Dear Governor Scott,
In spite of the best efforts of Consumer Advocates and others to have HB 55 reconsidered in light of it’s adverse impact on the average consumer who purchases a car we are faced with the reality that it may become law.
It is obvious that the purchase of an automobile is not only a considerable expenditure, but in this day of mobility, a necessity. When a purchaser answers the inducements made in the tremendous advertising campaigns carried on by the auto industry and purchases an automobile that purchaser has a right to rely on the advertisements and inducements that result in a purchase. Under the leadership of Bob Butterworth as AG Florida passed a compressive Lemon Law, which has served the auto industry and the purchaser well. The Lemon Law Section has provided the venue for the hearing and resolution of complaints.
The reasons to veto the bill are many and we here list some of the most obvious:
1. Vehicle purchasers as opposed to those deceived by any other business are singled out for less protection.
2. The 30-day notice period insulates dealers from suit w/o any exposure for damages.
3. Purchasers relying on transportation for work and family activities can ill afford to go through the process of filing with the dealer in 30 days and then awaiting resolution.
4. The pre-suit notice & documents to be prepared and served on the dealer is so complex that the average consumer will not be able to meet it’s conditions w/o the aid of an attorney which the consumer can ill afford and which attorneys will be reluctant to pursue. The economics speak for themselves.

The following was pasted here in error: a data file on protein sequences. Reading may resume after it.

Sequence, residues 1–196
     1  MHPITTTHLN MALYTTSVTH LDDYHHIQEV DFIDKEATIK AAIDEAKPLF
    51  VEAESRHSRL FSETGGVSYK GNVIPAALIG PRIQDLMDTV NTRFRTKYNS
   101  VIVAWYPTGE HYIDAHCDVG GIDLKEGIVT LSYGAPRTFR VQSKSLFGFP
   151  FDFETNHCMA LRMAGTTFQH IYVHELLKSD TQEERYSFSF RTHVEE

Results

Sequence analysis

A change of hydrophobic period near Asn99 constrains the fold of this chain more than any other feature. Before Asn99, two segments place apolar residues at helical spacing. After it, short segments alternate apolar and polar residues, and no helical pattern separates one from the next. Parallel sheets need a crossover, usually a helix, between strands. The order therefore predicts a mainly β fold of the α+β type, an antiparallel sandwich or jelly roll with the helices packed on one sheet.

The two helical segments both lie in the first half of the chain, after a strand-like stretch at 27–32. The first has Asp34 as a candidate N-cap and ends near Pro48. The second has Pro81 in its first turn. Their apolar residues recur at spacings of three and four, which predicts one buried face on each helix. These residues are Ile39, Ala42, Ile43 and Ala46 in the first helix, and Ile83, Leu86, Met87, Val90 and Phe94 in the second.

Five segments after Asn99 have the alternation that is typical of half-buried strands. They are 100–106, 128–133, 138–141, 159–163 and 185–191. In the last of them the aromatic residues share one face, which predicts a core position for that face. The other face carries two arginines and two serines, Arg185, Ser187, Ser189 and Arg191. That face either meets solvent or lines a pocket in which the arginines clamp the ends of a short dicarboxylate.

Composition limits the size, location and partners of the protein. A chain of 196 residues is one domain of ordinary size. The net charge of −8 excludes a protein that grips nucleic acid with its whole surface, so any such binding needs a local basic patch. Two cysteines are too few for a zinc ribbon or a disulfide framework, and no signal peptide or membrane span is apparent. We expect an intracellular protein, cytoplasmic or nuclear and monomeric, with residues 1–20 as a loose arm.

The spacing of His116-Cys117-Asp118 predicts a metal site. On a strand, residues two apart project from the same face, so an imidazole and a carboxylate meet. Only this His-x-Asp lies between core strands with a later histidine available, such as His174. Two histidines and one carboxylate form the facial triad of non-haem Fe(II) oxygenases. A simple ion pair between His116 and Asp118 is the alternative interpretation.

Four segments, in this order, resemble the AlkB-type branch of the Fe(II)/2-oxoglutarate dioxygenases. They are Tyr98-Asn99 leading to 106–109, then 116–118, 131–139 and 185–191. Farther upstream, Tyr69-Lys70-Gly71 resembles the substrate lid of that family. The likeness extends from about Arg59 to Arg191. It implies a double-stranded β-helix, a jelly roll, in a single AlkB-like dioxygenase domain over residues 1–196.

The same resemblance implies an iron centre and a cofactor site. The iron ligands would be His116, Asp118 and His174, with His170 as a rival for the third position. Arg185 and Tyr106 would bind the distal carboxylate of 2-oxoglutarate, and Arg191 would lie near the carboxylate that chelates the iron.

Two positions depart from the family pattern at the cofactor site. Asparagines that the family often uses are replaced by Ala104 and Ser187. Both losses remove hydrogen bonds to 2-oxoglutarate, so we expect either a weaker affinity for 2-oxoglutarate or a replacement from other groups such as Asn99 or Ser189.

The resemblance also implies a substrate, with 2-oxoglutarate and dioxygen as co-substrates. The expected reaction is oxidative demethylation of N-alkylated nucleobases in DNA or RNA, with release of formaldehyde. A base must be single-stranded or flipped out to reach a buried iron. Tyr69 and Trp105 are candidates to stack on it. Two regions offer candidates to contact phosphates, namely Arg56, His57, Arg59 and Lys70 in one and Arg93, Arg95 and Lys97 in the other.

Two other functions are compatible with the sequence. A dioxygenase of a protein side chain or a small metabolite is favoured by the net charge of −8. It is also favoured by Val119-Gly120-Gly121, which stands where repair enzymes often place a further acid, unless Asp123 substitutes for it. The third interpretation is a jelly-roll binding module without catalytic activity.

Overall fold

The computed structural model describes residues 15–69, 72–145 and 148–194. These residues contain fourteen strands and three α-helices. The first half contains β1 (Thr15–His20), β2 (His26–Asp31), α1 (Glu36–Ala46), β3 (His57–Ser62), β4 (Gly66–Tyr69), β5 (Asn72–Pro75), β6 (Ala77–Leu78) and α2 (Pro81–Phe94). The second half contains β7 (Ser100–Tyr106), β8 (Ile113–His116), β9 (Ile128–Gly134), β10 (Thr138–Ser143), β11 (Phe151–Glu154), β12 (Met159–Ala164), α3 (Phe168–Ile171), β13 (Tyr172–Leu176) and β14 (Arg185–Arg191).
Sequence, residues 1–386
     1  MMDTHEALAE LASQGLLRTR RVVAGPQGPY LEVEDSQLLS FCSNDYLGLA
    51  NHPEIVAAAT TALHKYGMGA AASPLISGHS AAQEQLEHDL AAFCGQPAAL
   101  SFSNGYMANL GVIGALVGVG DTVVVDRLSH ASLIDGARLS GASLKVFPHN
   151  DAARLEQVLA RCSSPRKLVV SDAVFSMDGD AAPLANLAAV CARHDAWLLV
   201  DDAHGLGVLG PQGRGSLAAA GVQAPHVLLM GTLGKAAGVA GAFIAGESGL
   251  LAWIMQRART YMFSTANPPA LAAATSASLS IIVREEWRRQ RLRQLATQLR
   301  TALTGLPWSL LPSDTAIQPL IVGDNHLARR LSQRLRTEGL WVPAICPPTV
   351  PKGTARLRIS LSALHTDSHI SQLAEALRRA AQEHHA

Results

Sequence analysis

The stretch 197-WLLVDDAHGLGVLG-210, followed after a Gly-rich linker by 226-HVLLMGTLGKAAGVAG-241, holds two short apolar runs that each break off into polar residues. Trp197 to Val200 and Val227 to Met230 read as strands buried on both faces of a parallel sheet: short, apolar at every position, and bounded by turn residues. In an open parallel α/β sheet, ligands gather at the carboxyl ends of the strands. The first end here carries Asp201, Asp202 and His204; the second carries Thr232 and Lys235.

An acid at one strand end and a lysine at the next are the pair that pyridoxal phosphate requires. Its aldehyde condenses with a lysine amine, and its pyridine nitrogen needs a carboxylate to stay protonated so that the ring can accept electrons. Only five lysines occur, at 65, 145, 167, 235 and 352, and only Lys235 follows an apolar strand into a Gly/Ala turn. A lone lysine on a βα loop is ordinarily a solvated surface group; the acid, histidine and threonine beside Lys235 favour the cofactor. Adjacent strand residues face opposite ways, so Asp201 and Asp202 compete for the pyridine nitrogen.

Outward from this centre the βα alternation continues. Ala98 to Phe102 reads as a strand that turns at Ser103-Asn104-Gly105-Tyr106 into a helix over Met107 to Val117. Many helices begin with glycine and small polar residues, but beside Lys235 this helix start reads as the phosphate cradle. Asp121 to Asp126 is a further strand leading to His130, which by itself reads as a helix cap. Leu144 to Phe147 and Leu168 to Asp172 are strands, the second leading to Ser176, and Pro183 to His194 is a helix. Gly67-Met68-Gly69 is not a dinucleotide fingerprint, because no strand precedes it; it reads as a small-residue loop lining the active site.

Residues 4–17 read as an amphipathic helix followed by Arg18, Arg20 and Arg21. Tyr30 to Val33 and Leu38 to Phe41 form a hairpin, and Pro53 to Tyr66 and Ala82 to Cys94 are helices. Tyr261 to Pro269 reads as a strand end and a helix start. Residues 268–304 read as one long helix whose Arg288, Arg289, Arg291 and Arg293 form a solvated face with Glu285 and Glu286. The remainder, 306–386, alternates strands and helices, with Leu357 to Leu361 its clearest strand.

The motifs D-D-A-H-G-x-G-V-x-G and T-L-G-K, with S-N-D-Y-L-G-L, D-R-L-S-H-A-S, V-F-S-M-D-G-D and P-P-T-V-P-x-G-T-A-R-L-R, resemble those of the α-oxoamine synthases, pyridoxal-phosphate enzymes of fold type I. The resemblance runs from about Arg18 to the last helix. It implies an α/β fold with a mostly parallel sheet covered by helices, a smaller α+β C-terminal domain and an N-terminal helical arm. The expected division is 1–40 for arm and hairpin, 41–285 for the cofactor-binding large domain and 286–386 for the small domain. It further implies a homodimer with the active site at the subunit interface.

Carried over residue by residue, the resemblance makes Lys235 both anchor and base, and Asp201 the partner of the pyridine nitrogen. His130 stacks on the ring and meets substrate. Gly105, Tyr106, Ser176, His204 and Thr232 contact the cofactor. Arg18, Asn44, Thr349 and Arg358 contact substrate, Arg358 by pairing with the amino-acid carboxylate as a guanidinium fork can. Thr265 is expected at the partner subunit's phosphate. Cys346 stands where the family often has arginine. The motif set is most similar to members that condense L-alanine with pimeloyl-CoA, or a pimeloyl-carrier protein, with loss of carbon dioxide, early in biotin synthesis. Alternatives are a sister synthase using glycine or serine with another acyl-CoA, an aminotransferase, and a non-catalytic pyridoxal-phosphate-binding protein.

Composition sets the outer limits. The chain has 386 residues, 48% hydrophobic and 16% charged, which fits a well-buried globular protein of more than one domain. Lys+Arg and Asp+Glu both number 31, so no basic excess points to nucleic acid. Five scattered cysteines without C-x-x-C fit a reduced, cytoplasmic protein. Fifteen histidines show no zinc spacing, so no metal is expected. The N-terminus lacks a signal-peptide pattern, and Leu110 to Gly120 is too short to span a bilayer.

5. The dealers exposure is only the actual fraud damages which alone makes it difficult for a purchaser to determine and to claim. Penalties should be severe enough to dissuade fraudulent business conduct.
6. Bills like HB 55 enable deceptive practices by dealers to keep their activities out of the public eye.
7. When a trade in is involved the dealer can wholesale or otherwise dispose of the trade in. This would make it almost impossible for purchase to seek injunctive relief prohibit a dealer from selling a purchasers trade in or seeking to prevent a repo by the dealer.
8. This process may allow dealers to “pick off” purchasers who would otherwise be able to get relief in a class action.
The law as it now stands has served both dealers and purchasers well. Arbitration can also be time consuming and expensive and the auto industry, with experience in arbitration of such cases has a substantial advantage over the consumer who does not know the arbitrators that are listed and probably has never had to be a party to an arbitration. How much time do you think the average purchaser has to deal with this kind of an issue when faced with taking time off work or taking care of their children.
I would suggest that this bill be vetoed. If the dealers can show clearly that the current law is an unaffordable expense then there may be other options such as allowing such matters to be handled by the Lemon Law program with enabling legislation. Nowhere in the staff analysis was there a cost benefit study as applied to the dealer and to the purchaser. If we are truly concerned about the cost of government then this bill needs such an analysis.
Executive Director of the Consumer Federation of the Southeast
Former Assistant Special Consumer Counsel to Governor Askew